But the Levites after the tribe of their fathers were not numbered among them.…
This is the first of a series of passages in which the law regarding the Levites is delivered. These all occur in Numbers, excepting a very few which are found in Deuteronomy; and they must be read together if you would get a connected and complete view of the statutes relating to the sacred tribe. Read together, the several texts will be found to dovetail one into another. The first is quite general, merely intimating that the Levites were to be numbered and marshaled as a host by themselves, being wholly dedicated to the service of the sanctuary. The second, entitled "The generations" of the Levites, their Family Book, gives particulars regarding their divisions and several offices (chapters 3, 4). The third describes how they were set apart to office by a solemn purification (Numbers 8:5). Subsequent passages contain (fourthly) the tragic story of Korah and his company (chapter 16), and (fifthly) the provision made for the Levites' honourable maintenance (chapters 18, 35). One who reads this series of passages with care will make a discovery of some value regarding the structure of these books of the Pentateuch. Because the several laws relating to one subject are not set down in one place, as they would be in our books, and are not arranged according to our ideas of order, it is confidently affirmed that they are set down without any order, and indeed that the Mosaic law is a somewhat random collection of documents diverse in date and character. This is certainly an error. The beautiful order discoverable in the ordinances regarding the Levites will be found to prevail in the ordinances - scattered as they may seem - on many other subjects.
I. This, being the earliest notice of the Levites as a separate and sacred tribe, invites us to review THE STORY OF THEIR CALLING. The first step was taken when the Lord, ordaining in Israel a hereditary priesthood, nominated "Aaron the Levite" and his sons. Still, though Aaron the Levite was called, nothing was said regarding the rest of the tribe. But it was plain that one man and his two sons (the whole number of the Aaronites after the death of Nadab and Abihu) could not execute the priests' office for a great nation. Helpers they must have. Who more fit than their brethren of their own tribe? They were much the smallest of the tribes, so that their maintenance would not be too burdensome; and they had already distinguished themselves by their zeal for the Lord to such a degree as amounted to a virtual consecration to his service (see Exodus 32:29). Accordingly, when the order was given to number and marshal the congregation, an exception was made in relation to the Levites. They were numbered by themselves, as a separated and sacred tribe. Recall the fact just noticed, that the Levites were fitted for their office before they were called to it. Their fitness was made manifest before a word was spoken regarding the honourable office in which it was to be exercised. The whole history of the Church is full of similar facts. When some great exigency arises calling for the services of men possessing special qualities of character or attainment, it is generally found that the Head of the Church has anticipated the occasion by raising up the men required. See for an illustrious example, Galatians 1:15, 16.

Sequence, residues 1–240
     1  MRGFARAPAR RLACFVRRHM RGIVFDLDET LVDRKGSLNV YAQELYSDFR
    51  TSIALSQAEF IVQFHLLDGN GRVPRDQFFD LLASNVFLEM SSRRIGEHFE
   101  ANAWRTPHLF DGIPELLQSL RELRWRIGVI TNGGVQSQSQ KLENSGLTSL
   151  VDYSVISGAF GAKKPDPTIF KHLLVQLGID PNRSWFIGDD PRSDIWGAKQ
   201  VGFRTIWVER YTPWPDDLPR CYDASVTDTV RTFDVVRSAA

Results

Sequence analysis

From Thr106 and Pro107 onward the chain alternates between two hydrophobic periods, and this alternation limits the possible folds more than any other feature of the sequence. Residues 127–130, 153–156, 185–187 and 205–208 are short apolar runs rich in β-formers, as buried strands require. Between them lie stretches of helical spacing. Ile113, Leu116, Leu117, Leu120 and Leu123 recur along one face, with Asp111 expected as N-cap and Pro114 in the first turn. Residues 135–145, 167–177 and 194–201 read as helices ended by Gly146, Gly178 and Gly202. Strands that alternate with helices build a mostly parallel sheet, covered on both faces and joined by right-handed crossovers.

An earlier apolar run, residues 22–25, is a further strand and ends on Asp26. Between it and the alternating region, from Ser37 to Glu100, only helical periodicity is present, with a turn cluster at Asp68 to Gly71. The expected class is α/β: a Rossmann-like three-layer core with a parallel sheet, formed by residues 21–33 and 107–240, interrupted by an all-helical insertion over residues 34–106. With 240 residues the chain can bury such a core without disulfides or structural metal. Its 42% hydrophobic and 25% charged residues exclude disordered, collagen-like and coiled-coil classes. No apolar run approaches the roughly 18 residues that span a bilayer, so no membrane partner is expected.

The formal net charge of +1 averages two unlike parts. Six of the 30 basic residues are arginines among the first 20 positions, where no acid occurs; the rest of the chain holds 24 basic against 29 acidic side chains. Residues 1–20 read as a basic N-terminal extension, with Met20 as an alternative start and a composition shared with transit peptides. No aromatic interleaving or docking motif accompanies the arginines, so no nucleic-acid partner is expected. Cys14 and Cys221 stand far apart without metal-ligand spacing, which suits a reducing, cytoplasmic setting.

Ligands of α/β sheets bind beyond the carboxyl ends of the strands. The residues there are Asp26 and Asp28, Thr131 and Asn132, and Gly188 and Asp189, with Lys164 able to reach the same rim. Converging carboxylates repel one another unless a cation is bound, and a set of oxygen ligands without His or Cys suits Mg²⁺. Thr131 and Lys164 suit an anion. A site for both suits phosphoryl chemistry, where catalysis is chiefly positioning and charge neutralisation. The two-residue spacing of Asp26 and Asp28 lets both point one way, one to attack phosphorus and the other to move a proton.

II. THE WORK APPOINTED TO THE LEVITES. It was "to keep the charge of the tabernacle" (verse 53). They carried it; guarded it; did all the work of it except offering sacrifice, burning incense, and blessing the people. In a word, they, under the hand and oversight of the priests, attended to the "outward business of the house of God" (Nehemiah 11:16). One cannot read this account of the Levites' work without being touched with a sense of the superiority of the Christian Church and its services over the tabernacle and the Levitical ministrations. To thoughtful and spiritually-minded men the Levitical ministrations must have been an intolerable burden. Barnabas the Levite would, without doubt, say Amen when he heard Peter's description of them as "a yoke which neither we nor our fathers were able to bear" (Acts 15:10). It is right to remember that, as time passed, the yoke was much mitigated. If the Pentateuch gives no express commandment to the Levites except about the external business of the tabernacle, that simply confirms the antiquity of the Pentateuch. By King David they were invited to higher service as singers and even as psalmists. Jehoshaphat employed them largely as public teachers of the law throughout the cities of Judah (2 Chronicles 17:8, 9). Moreover, the Levitical services as prescribed by Moses, although burdensome and unprofitable when compared with those of the New Testament Church, had a great purpose to serve both in prefiguring the truth to be afterwards revealed, and as an educational institute by which the people of God were prepared for the better time. It is a good thing to have a charge to keep in connection with Christ's Church, in any capacity, however humble. Better be a Levite to keep the door of the house of God than live without God in a palace. - B.
Parallel VersesKJV: But the Levites after the tribe of their fathers were not numbered among them.